Mostly within the past hundred years, ever-upward-evolving science—“upward” in the sense that as the breadth of our knowledge increases the quality of our understanding goes “up”—has made us aware of natural conditions that were here all along but of which we were not yet conscious. These conditions, called constants of nature, are best understood as quantities—numbers—which apply in certain natural contexts, and are important. They are important because they rule absolutely in many of the key ways that the natural world works. If they were anything other than what they are, the universe—and (most importantly) we within it—would not, could not, exist. What a loss.
There’s no apparent reason for these numbers to be what they are—they “just are.” And there’s the mystery—nobody knows why they “just are,” which sets up a mental tension in terms of the aforesaid human curiosity. Many scientists know quite a lot about the constants of nature but—assuming most people would misinterpret constants of nature to mean Acts of God—they disfavor saying much about them in public. Neither do you hear much said about them in Sunday School where all the focus is on filling your mind with certain doctrines you are expected to believe on faith. So, all in all, very little information about these strange constants of nature trickles down so the general public might become more enlightened and mystified. Since a tad more mystification might produce a healthy increase in public curiosity and thinking, a brief tour of a few of them is of interest here.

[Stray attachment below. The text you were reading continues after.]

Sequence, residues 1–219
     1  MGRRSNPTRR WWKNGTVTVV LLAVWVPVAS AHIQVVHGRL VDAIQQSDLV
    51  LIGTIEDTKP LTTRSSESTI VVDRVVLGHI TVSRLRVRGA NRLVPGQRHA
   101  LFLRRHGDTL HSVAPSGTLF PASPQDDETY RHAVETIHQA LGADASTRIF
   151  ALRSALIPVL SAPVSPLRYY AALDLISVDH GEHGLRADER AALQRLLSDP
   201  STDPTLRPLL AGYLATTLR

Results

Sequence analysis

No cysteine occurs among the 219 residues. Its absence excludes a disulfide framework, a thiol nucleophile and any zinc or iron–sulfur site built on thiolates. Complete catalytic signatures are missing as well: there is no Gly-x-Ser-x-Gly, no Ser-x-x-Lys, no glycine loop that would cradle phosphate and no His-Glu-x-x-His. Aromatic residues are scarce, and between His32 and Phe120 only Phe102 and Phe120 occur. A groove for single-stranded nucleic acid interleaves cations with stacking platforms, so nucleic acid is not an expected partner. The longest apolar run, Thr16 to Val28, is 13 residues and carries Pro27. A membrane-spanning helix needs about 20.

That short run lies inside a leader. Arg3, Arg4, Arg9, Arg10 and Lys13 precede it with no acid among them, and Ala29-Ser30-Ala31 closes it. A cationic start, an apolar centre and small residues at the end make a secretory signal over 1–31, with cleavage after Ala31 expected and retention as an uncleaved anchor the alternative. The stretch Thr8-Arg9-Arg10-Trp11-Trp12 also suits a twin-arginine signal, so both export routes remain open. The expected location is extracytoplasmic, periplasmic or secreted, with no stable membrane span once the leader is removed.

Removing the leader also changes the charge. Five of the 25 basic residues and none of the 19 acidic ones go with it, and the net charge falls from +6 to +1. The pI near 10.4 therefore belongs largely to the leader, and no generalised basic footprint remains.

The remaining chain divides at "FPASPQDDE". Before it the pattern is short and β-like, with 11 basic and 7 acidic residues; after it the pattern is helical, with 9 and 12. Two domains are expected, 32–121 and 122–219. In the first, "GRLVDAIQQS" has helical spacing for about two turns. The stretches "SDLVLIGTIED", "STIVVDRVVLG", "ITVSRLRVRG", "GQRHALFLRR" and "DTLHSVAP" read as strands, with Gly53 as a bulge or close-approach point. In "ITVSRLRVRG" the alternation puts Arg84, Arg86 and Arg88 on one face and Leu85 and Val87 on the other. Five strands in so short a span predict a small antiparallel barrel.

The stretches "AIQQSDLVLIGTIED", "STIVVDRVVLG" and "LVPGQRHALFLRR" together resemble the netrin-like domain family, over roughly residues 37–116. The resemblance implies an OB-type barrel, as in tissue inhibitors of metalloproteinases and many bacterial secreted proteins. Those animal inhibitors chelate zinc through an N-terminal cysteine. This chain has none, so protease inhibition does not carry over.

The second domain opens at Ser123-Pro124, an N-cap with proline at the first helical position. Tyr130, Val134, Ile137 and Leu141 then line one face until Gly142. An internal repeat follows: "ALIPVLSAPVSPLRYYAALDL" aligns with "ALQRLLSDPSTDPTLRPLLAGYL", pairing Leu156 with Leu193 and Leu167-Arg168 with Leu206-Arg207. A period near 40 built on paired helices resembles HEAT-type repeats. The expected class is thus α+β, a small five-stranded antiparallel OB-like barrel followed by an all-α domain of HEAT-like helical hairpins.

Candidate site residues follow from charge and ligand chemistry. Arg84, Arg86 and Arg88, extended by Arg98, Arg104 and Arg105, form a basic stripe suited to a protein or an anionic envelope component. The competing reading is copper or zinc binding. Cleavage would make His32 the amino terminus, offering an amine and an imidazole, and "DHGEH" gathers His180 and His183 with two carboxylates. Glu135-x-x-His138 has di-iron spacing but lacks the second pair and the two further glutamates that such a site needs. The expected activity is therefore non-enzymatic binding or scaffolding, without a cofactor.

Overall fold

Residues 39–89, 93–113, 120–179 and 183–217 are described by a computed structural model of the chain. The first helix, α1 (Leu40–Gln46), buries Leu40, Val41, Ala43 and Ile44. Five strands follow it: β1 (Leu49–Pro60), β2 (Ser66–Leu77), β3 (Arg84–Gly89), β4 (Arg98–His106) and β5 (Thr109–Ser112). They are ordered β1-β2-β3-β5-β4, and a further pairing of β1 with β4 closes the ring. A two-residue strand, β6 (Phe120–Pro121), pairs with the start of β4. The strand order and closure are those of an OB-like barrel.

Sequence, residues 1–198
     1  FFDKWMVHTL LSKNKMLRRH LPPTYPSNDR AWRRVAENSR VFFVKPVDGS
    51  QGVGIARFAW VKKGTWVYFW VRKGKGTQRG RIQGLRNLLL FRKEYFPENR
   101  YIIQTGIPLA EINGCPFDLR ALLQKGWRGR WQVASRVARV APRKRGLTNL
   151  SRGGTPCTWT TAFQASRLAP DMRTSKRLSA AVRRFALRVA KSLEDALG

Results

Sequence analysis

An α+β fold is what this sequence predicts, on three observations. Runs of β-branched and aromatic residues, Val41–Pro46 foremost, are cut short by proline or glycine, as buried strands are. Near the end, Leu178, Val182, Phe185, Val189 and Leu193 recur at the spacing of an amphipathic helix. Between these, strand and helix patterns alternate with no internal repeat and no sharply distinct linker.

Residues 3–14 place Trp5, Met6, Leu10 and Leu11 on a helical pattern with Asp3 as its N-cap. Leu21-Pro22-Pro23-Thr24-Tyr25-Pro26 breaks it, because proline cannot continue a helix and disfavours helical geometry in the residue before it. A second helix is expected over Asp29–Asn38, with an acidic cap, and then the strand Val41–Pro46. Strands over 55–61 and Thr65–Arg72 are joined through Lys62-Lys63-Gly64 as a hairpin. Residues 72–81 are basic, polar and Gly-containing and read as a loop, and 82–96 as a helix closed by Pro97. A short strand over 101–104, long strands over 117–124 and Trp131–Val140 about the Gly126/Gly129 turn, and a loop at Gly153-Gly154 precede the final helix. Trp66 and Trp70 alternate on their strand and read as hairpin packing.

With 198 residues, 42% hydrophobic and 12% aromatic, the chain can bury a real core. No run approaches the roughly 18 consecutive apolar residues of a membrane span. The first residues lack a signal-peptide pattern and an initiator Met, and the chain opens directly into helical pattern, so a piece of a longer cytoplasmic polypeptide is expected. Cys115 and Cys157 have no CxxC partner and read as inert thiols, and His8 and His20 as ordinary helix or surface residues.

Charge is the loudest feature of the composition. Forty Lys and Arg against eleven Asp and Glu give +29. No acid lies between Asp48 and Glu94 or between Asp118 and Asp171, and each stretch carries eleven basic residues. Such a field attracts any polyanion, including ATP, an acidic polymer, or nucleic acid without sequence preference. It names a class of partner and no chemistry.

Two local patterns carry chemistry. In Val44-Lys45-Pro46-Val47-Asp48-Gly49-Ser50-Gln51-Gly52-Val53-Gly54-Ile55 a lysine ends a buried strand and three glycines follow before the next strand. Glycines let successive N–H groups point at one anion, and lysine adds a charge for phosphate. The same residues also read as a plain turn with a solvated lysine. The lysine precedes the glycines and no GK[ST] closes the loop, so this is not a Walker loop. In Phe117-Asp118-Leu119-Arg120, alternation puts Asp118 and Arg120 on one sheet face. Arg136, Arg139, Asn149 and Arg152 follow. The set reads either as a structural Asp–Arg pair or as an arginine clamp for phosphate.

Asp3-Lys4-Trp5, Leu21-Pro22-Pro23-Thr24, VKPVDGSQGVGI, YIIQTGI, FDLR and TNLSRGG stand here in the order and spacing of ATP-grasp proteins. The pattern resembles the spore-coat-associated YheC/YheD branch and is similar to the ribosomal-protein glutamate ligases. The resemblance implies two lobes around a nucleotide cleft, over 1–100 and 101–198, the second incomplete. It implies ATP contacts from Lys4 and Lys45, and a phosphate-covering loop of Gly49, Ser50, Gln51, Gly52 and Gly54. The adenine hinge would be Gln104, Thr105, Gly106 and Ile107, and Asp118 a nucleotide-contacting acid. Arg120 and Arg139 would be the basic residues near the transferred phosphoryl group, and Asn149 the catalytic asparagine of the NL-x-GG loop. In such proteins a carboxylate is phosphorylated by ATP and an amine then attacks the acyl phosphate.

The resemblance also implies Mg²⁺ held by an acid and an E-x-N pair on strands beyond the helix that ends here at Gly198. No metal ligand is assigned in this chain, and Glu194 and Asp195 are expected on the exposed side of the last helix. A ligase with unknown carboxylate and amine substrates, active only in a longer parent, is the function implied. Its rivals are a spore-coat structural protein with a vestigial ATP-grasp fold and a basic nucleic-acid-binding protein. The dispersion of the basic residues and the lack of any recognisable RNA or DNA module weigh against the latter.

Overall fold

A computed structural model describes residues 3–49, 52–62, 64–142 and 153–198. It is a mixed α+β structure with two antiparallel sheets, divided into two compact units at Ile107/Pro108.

The constants of nature are important to you regardless whether you ever thought about it. As fundamental governors of how the universe works, they include well known natural phenomena, such as gravity, and some not so well known in the quantum realm of things smaller than atoms. There are quite a number of these, depending on your angle of approach, though in recent times some scientists have made the bold claim that reality in our universe can be understood in terms of just three constants: the speed of light cited above, plus gravity and an extremely tiny something called Planck’s Constant. This idea seems reasonable, inasmuch as gravity addresses the macro-universe (everything bigger than an atom, right on up to galaxies and even bigger structures) and Planck’s Constant addresses the micro-verse (the infinite quantum world of things from the size of an atom on down to quarks. That about covers the ballpark. To help our understanding of nature’s constants, let’s look at four of them popularly known as “the fundamental forces”—i.e., gravity, the electromagnetic force, the strong force and the weak force.